BALTIMORE - You can think of it as sort of a potentially deadly ballet.
Folks walking out into the busy street; weaving through cars just to get to the other side of the road.
The cross walk is right there; just steps away.
But the cars just buzz through and the pedestrians try to be watchful.
It's a scene that's repeated all throughout the city.
From Lexington market to the campus of Johns Hopkins, this game of constant chicken has led to some deadly results.
"We did a lot of focus groups here in Baltimore and the theme we kept hearing over and over again is that we to increase the civility and respect for pedestrians and drivers that drivers need to pay attention to the laws and pedestrians need to pay attention to the environment that they're in."
Andrea Gielen is director of the Hopkins center for Injury Research and Policy.
She says research shows that people are just rude and there is a need to change the culture here when it comes to use of the roadways.
"We see a lot of time people will be crossing against the light or not in the crosswalk we see lots of time where cares are making a left turn without yielding to pedestrians in the crosswalks so what people told us is we need to change the culture here to make it more friendly for people to be out and about walking." Gielen says.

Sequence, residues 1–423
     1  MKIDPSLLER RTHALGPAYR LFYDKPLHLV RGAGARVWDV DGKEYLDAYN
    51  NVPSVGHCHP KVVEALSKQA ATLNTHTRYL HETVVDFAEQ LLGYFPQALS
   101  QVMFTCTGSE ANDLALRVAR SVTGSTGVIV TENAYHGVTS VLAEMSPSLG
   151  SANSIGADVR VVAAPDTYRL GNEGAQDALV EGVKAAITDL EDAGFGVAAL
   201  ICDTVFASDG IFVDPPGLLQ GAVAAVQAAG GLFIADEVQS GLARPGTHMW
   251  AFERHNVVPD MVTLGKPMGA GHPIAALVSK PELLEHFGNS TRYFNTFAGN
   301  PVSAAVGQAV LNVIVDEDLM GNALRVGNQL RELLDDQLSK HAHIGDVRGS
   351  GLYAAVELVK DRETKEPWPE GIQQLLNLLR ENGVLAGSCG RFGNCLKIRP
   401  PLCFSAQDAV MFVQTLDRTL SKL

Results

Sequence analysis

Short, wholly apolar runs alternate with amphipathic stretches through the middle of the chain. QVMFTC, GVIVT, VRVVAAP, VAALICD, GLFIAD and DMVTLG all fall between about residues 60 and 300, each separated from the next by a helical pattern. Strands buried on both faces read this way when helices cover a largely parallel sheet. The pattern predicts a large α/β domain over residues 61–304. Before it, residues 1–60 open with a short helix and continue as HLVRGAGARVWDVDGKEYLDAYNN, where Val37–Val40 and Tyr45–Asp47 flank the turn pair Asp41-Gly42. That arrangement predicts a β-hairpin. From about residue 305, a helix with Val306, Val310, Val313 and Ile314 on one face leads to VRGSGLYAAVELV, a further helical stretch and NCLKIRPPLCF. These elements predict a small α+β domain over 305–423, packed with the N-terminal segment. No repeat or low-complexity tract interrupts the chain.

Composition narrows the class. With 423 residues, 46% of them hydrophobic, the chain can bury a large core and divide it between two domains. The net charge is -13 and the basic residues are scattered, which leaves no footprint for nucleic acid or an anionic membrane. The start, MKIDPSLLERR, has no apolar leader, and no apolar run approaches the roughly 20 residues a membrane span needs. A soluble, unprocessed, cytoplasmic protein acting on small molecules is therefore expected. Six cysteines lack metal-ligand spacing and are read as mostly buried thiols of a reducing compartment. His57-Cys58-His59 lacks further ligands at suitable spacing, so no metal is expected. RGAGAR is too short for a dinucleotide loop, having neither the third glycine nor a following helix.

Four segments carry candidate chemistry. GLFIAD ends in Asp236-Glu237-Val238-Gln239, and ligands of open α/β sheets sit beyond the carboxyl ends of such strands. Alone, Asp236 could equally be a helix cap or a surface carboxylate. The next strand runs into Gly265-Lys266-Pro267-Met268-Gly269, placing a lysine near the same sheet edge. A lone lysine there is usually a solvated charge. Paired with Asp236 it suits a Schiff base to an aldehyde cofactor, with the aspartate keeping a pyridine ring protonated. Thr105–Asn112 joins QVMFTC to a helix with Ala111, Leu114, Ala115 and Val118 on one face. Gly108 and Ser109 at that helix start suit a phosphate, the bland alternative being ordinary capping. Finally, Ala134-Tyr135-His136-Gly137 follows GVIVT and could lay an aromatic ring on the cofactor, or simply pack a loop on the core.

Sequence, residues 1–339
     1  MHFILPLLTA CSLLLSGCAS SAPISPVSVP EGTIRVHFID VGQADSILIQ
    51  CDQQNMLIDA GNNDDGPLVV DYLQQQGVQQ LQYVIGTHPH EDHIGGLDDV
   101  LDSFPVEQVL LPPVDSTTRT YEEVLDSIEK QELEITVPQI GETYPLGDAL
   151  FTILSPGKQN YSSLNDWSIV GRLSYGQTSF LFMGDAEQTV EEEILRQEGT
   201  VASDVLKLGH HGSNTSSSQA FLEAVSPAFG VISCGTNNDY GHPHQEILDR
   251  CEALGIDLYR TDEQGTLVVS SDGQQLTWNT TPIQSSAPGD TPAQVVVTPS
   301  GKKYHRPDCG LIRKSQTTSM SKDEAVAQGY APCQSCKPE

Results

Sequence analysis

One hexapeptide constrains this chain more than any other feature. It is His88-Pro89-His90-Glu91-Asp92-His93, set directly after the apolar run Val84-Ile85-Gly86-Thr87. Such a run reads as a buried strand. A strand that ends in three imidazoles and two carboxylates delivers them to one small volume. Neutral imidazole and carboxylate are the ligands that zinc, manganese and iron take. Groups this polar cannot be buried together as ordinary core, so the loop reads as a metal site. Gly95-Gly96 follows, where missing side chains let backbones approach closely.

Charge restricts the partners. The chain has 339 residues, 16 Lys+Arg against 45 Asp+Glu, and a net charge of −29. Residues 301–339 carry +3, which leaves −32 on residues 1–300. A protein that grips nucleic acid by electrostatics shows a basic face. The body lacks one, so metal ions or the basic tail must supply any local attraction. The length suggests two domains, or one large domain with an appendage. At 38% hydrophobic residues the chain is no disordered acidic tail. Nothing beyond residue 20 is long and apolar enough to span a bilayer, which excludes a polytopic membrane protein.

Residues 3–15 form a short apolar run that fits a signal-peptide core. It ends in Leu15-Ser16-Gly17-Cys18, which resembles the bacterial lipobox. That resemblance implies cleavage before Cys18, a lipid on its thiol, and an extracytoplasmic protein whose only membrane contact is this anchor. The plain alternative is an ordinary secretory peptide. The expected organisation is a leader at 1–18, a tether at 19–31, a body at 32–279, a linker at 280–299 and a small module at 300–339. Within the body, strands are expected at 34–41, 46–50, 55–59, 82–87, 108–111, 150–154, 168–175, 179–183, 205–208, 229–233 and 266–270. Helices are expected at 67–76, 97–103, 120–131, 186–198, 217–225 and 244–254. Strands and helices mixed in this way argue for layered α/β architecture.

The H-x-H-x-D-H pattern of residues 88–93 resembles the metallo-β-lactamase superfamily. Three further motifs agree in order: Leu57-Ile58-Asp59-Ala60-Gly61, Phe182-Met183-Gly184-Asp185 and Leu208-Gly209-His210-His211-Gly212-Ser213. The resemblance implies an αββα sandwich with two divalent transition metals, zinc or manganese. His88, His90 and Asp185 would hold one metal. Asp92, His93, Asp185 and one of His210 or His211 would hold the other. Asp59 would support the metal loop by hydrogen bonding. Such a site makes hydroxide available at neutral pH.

There is also a need to improve the area where pedestrians walk.
Back on November 27th, a 75 year old man was killed here on Baltimore Annapolis Boulevard near Edgewood Drive.
There are sidewalks on one side of the road, but not on the other.
A large chunk of road has no sidewalks at all.
Not an atmosphere that is friendly to walkers or people riding on a bicycle.
Gielen says that cities and counties can do things that will make it friendlier to walkers and drivers a lot.
"Ask for what kinds of environments would be better do we have enough cross walks are they well marked do we have traffic calming devices where we can have them things like that that can be done without completely changing everything those are relatively straight forward fixes that we know how to do." Gielen says
Hopkins research also shows that distraction is a contributing factor in these situations.
Pedestrians listening to music or using phones can't hear cars coming.
The same goes with drivers who take their eyes off the road to twiddle with their phone or some feature inside their car.
For more information about Hopkins research into creating more pedestrian friendly environments you can see their research at www.Centerforactivedesign.org/promotingsafety